In less than a week following the long-anticipated release of Mel Gibson's The Passion of the Christ, the Supreme Court of California issued a ruling against Catholic Charities of California requiring it to provide abortifacients (such as birth control pills), a practice which Catholics consider to be a mortal sin, in exchange for its receiving public funding.
These events are unrelated, but their timing is highly ironic.
Christianity is presently basking in the rare glow of affirmation from a popular culture that usually mocks it. Thanks to a remarkable film, there seems to be a renewed interest in meditation on the Passion and in the religion stemming from it. The Faith is discussed again in the public square. In the midst of this, California's state supreme court justices much like the Roman satraps in the movie surface to remind everyone who is boss.
Whether or not you agree with the Catholic Church's teaching on artificial birth control, a practice that nearly all Christians recognized as a moral evil as recently as 80 years ago, you should be very concerned with this near unanimous decision that the government can tell any private organization how it must allocate its resources. This is always and everywhere a violation of property rights, but it is especially bad when applied to religious institutions which today are often the last sanctuaries from the encroachments of an overweening public sector.
To these sanctuaries, the California Supreme Court is sending two messages. The first is that if you receive government funds then you must conform with the correct side of the culture wars in this case, with the belief that government should make contraception as widely available as Hershey's Kisses with the understanding that the threat of force exists if you disagree. The second is that the separation of Church and State is held as sacred by the religious and secular left precisely because it runs in one direction.
School voucher conservatives, as well as anyone who supports President Bush's "faith-based initiatives" should find this development sobering. Anywhere public money flows, public control soon follows. Consider the neutering effect public money has done to Catholic education in the United States. Consider what state-support has done to the Faith in Europe. This is a long-term cost of accepting tax dollars for any purpose.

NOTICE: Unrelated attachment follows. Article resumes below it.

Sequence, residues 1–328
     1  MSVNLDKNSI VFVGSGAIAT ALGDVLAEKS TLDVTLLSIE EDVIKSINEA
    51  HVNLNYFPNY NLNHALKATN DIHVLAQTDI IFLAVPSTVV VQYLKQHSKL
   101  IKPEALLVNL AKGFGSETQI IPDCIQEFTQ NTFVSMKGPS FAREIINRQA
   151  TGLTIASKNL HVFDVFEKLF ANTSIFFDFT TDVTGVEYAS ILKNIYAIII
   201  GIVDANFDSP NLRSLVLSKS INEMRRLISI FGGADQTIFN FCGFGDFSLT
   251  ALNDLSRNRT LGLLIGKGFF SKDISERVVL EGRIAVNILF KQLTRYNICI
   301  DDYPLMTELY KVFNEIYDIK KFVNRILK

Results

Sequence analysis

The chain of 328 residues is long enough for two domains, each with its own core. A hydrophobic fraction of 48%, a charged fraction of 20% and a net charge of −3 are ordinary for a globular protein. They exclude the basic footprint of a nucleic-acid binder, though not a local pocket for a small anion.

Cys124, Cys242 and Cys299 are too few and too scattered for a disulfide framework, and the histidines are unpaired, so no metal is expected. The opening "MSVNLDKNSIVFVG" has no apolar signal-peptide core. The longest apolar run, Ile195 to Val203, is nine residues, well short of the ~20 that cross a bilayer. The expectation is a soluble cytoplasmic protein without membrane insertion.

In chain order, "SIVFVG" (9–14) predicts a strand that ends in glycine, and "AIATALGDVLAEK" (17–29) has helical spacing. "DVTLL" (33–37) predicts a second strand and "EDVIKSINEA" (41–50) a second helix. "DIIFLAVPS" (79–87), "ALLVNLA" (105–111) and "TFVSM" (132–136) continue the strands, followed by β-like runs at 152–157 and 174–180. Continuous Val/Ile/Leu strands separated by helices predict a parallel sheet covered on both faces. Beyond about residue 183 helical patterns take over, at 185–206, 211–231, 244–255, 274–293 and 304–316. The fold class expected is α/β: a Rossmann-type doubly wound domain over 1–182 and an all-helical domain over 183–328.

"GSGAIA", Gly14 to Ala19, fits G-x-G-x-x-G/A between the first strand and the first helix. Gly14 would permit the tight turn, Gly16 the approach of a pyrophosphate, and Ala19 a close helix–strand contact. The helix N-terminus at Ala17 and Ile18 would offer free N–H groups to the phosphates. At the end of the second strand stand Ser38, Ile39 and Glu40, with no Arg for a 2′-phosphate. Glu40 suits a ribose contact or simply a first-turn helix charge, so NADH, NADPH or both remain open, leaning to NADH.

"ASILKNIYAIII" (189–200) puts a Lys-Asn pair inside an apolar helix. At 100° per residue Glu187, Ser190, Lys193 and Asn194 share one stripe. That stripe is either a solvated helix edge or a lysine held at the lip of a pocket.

This is a cost that has long corrupted Catholic Charities USA. Indeed, calling it a charity stretches the truth, given the extent to which it has grown dependent on taxpayer-conscripted capital to support its social services. (Sixty-seven percent of its $2.3 billion budget was derived from government in 2000.) Today it is little more than a nominally Catholic branch of Housing and Urban Development a shadow welfare system that grants a degree of ecclesial legitimacy to socially destructive wealth redistribution schemes.
But the destruction runs in both ways. As the Court noted in its opinion, if Catholic Charities of California had not eschewed even the smallest of proselytizing functions in its official activities, it would not have ruled against it. Instead, it apologetically remarked that Catholic Charities did not meet any of the criteria defining a religious employer under a 1999 law that justified the Court's action. "Under that definition," commented the New York Times, "an employer must be primarily engaged in spreading religious values, employ mostly people who hold the religious beliefs of the organization, serve largely people with the same religious beliefs, and be a nonprofit religious organization as defined under the federal tax code."
One of the messages of the Gospels highlighted in Mel Gibson's new movie is of the shameful consequences that can befall religious authorities that become too close to government. By ruling against Catholic Charities, the Court simply confirmed a statement made by a Catholic Charities priest several years ago, recounted by U.S. Sen. Rick Santorum: "We get government funds, so we're not Catholic."
Whether this continues to be the case will depend in large part on its reaction to the Court's ruling. If it complies with the Court's order and distributes abortifacients, then it should change its first name. But if as a result of this incident it shuns public money, it can become a charity again.
Given Catholic Charities' socialist sympathies, this choice won't be easy. But no passion ever is.
March 4, 2004